Q. Is it true that Dry Eye symptoms seem to be more severe in the winter than in the warmer
spring and summer months?
A. Yes, because winter is colder and has less humidity.
Q. When should a person come in to see their optometrist for Dry Eye symptoms and when is
it enough to take care of this problem yourself?
A. It’s important for anyone suffering from itchines, burning, and foreign body sensation in the eyes to have an eye exam.
Q. What is the examination like to determine whether someone is suffering from Dry Eyes?
A. The doctor will put eye drops into the eyes to see how quickly your tears evaporate. The doctor will also evaluate your eyelid margins for any overgrowth of bacteria or mites that may grow on your eyelashes.
Q. I have a friend in whose eyes are frequently overly watery. That isn’t Dry Eye, is it?
A. Yes this may be a sign of dry eye.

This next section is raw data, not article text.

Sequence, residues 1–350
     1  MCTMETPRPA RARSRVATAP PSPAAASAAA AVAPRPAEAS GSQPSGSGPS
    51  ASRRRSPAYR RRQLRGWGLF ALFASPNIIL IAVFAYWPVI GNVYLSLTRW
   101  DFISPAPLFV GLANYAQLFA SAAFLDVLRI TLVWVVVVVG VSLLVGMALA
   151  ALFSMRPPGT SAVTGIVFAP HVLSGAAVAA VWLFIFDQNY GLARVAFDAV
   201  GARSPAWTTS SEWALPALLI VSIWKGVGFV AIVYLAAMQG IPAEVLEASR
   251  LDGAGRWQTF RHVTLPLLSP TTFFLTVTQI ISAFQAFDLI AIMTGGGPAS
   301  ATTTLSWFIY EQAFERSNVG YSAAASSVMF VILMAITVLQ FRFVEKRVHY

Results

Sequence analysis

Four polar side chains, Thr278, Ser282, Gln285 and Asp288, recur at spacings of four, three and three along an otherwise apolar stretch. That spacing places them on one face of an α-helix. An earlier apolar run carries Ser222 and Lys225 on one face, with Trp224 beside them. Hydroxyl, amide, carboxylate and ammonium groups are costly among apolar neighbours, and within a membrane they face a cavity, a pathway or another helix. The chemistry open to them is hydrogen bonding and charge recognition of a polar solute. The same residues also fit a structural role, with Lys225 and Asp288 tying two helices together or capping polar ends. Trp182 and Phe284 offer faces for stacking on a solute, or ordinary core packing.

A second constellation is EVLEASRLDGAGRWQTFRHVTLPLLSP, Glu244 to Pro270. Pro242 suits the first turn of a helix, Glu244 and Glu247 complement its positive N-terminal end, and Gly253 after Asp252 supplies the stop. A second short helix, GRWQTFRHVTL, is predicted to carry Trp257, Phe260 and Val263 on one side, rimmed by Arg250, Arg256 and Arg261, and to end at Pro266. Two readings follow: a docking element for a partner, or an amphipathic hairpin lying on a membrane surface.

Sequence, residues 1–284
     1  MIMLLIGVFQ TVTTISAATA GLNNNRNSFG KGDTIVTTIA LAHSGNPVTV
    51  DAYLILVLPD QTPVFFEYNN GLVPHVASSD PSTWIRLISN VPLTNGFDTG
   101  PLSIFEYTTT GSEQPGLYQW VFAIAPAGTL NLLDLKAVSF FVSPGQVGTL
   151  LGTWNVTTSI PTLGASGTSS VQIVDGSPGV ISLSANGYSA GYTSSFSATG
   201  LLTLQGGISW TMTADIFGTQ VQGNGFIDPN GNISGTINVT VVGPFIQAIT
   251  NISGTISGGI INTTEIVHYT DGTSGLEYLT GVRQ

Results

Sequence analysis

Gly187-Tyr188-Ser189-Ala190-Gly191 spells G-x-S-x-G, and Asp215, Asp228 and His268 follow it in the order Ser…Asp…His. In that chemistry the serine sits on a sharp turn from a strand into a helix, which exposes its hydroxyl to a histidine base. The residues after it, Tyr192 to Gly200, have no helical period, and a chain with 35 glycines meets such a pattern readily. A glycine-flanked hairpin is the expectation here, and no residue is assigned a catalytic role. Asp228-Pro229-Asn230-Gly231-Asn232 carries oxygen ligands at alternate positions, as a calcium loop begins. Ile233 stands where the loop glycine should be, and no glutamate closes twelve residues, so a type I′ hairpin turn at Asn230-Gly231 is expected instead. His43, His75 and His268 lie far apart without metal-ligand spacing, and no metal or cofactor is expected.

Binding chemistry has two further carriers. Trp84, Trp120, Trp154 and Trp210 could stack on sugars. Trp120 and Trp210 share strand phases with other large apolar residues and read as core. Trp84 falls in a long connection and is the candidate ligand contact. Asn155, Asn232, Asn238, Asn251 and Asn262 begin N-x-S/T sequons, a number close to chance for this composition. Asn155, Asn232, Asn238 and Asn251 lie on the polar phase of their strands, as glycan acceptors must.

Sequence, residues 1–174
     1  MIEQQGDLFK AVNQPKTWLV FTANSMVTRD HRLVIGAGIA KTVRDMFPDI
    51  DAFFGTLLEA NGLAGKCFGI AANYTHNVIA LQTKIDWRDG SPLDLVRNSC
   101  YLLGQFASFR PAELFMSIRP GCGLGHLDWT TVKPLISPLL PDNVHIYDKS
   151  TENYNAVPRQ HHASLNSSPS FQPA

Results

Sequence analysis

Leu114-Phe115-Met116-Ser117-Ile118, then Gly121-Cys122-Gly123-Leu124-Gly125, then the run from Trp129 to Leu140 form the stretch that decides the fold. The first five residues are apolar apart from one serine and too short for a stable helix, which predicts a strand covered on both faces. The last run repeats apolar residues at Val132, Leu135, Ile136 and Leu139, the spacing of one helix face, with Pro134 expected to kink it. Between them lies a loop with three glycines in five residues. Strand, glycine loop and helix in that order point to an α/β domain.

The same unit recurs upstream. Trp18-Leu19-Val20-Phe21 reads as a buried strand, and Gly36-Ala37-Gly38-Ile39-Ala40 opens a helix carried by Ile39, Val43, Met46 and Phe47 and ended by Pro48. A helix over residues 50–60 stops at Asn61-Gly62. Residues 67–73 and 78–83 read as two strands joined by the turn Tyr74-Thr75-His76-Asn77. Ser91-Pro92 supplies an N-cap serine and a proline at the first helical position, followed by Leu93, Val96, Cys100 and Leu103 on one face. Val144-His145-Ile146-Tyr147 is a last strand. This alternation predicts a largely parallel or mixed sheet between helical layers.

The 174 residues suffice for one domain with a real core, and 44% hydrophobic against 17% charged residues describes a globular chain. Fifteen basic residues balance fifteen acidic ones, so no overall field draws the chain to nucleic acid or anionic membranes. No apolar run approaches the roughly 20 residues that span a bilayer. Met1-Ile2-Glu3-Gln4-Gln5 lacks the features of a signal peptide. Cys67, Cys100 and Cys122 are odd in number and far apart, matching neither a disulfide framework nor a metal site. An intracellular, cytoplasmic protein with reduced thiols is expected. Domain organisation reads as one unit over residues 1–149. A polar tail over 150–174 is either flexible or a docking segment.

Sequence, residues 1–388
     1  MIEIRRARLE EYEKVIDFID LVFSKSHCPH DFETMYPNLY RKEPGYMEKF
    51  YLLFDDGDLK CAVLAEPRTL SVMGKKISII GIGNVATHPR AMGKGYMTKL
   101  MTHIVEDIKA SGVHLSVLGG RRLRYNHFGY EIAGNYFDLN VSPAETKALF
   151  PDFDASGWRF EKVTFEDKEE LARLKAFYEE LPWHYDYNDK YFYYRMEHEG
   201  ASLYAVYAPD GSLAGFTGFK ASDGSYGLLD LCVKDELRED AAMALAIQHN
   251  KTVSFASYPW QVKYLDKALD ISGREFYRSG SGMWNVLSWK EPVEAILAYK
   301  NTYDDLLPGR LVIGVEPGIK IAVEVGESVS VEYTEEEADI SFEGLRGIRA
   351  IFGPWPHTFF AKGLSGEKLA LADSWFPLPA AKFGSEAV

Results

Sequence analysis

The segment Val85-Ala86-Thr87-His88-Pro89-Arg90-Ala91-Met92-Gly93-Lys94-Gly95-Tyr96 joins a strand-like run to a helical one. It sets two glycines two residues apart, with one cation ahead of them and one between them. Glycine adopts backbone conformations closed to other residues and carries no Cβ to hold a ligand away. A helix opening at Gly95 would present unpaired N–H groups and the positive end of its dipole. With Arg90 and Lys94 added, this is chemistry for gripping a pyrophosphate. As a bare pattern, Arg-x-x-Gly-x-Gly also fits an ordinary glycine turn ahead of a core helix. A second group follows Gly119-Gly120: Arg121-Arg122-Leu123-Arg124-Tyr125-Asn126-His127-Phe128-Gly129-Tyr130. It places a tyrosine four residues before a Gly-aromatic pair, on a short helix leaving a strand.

Q. What are the typical treatments used to help people suffering from Dry Eyes?
A. Maintaining the natural flora of the eyelid, and removing the inflammatory causes of dry eye.
Q. Are some people more prone to having Dry Eyes than others?
A. Yes, patients on certain medications and those with rosacea or autoimmune diseases such as Lupus, Rheumatoid arthritis are more prone to having dry eyes.
Q. Do you have any recommendations for people to help them avoid Dry Eye issues?
A. The most important thing is to discover the cause of the dry eyes and address it with your doctor.
Q. I find contact lenses uncomfortable, are there recommended contact lenses for Dry Eye
A. Yes, there is one soft contact lens brand that is approved for dry eyes. There are also large rigid contact lenses that can be used for very severe dry eyes.
Q. I work on the computer and get lots of dry eye symptoms like watery eyes, sore and painful
eyes etc. Is there something that I should do to prevent this?
A. Like I said before, the most important thing is to discover the cause of the dry eyes and address it with your doctor.